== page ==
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Vengerova, Zinaida (1867–1941)

Vengerova, Zinaida (1867–1941)

Russian literary critic. Name variations: Zinaida Vengérova; Zinaida Afanas'evna Vengérova. Born in 1867 in Russia; died in 1941; sister of Isabelle Vengerova (1877–1956); educated at universities in Russia and England and at the Sorbonne in Paris; married N.M. Minskii (a poet and critic), in 1925 (died 1937).

Zinaida Vengerova was a literary critic and translator who built bridges between the Russian and Western European modernist literary and artistic worlds. Born in Russia in 1867, she was active in the last decades of the 19th century and at the beginning of the 20th century. Vengerova translated the latest and most advanced writings from Western Europe into Russian; she also wrote essays on such influential figures as Norwegian dramatist Henrik Ibsen, French poets Paul Verlaine and Arthur Rimbaud, German dramatist Gerhard Hauptmann, and, from England, science-fiction writer H.G. Wells and poet Ezra Pound. She lectured on Russian writers abroad, and allied herself with a characteristically Russian feminism that avoided affiliation with wider feminist movements, instead locating the forefront of women's advances with modern Russian women themselves.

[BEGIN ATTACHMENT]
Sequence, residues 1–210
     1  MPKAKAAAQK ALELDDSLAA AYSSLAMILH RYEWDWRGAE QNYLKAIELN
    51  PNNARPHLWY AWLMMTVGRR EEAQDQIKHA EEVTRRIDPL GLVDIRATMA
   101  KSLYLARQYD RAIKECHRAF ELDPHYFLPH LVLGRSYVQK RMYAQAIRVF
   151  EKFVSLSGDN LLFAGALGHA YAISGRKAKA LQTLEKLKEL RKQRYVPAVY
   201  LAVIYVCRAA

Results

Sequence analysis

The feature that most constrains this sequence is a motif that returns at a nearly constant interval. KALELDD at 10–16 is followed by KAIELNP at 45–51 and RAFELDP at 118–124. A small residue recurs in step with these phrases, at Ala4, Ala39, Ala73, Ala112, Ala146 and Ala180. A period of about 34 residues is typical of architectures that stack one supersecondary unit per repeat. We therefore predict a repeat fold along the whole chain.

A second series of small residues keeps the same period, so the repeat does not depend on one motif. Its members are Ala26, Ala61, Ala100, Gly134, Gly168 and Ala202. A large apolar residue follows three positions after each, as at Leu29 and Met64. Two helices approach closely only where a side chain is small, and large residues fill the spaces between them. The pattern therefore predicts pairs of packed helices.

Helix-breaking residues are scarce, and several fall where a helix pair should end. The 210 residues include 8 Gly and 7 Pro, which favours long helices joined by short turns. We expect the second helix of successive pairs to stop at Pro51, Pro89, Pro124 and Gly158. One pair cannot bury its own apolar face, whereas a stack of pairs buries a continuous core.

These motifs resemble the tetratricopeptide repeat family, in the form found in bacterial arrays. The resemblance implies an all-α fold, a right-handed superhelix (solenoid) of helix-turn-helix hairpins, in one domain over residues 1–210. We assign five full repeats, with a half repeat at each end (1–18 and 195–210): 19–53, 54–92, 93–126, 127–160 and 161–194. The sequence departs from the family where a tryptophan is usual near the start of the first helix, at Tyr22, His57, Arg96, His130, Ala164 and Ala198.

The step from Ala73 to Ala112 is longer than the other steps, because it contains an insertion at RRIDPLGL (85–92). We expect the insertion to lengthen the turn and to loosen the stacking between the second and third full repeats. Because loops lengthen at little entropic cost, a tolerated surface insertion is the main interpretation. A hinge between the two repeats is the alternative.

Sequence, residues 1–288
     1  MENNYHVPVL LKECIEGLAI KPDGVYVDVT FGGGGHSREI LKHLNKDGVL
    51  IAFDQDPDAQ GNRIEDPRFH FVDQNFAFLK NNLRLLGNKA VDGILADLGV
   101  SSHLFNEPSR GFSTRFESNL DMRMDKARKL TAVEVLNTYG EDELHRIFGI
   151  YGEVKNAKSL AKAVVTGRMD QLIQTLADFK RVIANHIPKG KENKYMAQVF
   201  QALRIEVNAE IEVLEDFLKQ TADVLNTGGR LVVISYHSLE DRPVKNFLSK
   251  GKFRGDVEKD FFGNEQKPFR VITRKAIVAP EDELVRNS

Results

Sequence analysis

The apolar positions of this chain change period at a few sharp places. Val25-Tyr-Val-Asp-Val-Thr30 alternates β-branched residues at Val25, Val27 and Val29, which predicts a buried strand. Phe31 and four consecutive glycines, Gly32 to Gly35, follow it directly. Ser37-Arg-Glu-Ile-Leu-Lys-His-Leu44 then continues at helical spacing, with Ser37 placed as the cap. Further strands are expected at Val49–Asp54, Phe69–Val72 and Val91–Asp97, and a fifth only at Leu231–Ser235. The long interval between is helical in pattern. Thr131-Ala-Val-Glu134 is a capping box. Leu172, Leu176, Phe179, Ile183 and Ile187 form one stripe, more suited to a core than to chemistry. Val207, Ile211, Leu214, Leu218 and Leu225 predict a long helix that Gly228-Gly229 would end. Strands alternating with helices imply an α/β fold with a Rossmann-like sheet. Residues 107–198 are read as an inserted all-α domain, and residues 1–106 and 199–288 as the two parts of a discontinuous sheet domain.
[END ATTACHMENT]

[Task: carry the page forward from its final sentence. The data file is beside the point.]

Vengerova was better educated than all but a very few women of her time, undertaking university-level literary studies not only in Russia but also, between 1887 and 1891, at the Sorbonne in Paris and at various English universities. For 15 years, she wrote a column on European literature for the Russian periodical The Herald of Europe. Living in St. Petersburg, she exchanged ideas with other leading Russian minds of the time, such as those who surrounded the ballet impresario Sergei Diaghilev. For many years she was a widely published critic in Russia; her essays filled a three-volume collection, Literary Characteristics, published between 1897 and 1910. Her English Writers of the 19th Century was published separately in 1913. Vengerova spent the years of the First World War in England, where she frequently lectured and gave interviews on culture and literature in her homeland, as well as on the status of Russian women. She returned to Russia following the Communist Bolshevik takeover in 1917. However, she left Russia for good in 1921, moving first to Berlin and then to London, where she married the writer N.M. Minskii in 1925. The couple moved to France, and following Minskii's death there in 1937 Vengerova lived out the rest of her life in New York City with her sister Isabelle Vengerova , a pianist. She died in 1941.

sources:

Buck, Claire, ed. The Bloomsbury Guide to Women's Literature. NY: Prentice Hall, 1992.

James M. Manheim , freelance writer, Ann Arbor, Michigan

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